Rather, he ought to ask: “Why?” Why is the oil low? For what reason does the oil level keep on dropping even after he tops it off? Proceeding to ask “why” may, in the end, lead him to find that the oil channel was not fixed properly after the last oil change or may be any oil pipe is leaked etc. Simply addressing the symptom— the low oil level — and not addressing the reason (the loose oil filter) could inevitably prompt the filter totally tumbling off. That could result in a disastrous loss of oil.
Here we take a practical example. Ask your employees to start the work week in a support division discovered they were not able to access a browser based application they use to benefit their clients. They quickly called technical support. The analyst, who speculated a browser compatibility issue, reloaded the browser— and the application began working normal back again. However, they could take a look at the Five Whys to break down the occurrence:
For what reason did the program quit working? The browser installed on the PCs did not contain the suitable extensions to enable the program to work.
For what reason was the browser changed? A typical system software update was executed over the weekend. It was a scheduled change.
For what reason didn’t the browser have the extension essential for the application to work? The technicians executing the installation of a standard update from the manufacturer’s website rather than the company’s modified and tested update.
For what reason did the professionals utilize the wrong update? He didn’t know there was a custom install.
For what reason didn’t he know? The update procedure had never been formally documented.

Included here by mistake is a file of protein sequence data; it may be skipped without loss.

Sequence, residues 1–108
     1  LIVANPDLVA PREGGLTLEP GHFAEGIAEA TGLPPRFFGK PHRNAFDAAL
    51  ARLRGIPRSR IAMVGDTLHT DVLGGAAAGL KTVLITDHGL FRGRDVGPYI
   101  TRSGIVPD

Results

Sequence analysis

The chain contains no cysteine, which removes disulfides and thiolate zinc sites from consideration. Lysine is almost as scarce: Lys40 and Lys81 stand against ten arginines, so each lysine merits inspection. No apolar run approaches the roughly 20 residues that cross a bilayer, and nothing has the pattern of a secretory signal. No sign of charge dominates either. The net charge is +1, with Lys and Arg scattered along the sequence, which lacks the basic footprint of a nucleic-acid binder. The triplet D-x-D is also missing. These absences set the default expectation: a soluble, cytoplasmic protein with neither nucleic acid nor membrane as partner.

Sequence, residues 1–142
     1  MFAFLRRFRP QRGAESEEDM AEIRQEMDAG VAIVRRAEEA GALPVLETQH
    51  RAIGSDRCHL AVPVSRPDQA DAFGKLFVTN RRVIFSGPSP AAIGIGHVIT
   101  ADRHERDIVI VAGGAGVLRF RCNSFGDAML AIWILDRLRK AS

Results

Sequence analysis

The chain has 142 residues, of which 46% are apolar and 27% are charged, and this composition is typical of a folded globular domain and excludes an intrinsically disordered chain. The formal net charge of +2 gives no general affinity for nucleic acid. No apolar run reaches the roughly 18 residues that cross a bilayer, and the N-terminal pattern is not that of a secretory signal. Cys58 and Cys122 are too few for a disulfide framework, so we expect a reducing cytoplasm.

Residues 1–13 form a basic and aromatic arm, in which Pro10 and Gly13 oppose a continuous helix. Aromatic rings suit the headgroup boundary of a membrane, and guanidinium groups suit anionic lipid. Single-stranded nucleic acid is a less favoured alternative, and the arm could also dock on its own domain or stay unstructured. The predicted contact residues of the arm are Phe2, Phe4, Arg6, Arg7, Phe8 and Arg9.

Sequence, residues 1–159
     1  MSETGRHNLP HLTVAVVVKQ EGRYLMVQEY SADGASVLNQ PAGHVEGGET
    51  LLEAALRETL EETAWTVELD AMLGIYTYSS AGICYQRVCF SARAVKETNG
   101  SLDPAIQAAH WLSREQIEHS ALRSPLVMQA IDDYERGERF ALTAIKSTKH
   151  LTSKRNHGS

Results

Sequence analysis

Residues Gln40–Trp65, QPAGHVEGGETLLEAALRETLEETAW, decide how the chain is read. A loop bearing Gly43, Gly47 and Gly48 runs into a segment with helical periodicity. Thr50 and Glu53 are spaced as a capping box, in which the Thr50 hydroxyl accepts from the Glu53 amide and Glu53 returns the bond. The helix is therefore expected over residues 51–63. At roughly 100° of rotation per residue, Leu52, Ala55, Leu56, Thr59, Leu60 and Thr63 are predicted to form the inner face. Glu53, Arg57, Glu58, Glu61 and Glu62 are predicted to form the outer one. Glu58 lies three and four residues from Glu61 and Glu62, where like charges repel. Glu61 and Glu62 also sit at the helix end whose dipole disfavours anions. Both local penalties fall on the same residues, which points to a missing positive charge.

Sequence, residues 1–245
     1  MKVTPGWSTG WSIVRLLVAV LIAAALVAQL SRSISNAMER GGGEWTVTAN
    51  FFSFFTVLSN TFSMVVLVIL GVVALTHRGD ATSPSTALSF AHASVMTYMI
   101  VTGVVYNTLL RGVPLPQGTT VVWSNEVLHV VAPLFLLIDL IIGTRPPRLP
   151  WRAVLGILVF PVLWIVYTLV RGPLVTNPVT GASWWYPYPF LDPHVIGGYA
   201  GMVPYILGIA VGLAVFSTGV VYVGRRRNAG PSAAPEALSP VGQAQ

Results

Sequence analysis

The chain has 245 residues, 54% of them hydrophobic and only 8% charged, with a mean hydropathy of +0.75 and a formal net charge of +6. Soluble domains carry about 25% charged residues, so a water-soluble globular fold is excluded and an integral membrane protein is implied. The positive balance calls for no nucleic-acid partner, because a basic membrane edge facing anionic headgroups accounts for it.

What is the remedial activity? The organization has formally documented the procedure and prepared new employees to avoid future issues.
I would say, the consequences of a root cause analysis will regularly reveal a failed control, process or even a gap in staff skill sets that puts a series of conditions or events into movement and paves the way to the identified symptoms. As it is so obvious from the example above, with the appropriate investigation, an organization can prevent downtime caused by a similar root cause from happening once more.
Addressing the symptoms is generally less tackling than handling the root cause. Finding the root cause may take some time, however, it isn’t inherently difficult. Settling the root cause might be modest or include a significant investment, yet on the off chance that you don’t lead an analysis, you will never be sure that what is the actual issue needs to be fixed. System uptime and customer support are actually critical business functions in order to get the success and to staying at the top in the current competitive market. Ensuring that our processes are vigorous and resistant to errors is a central part of that achievement. Perfection begins with our people and the processes they use to help our customer. By utilizing approaches like root cause analysis, companies can push their levels of customer service and satisfaction level higher than ever.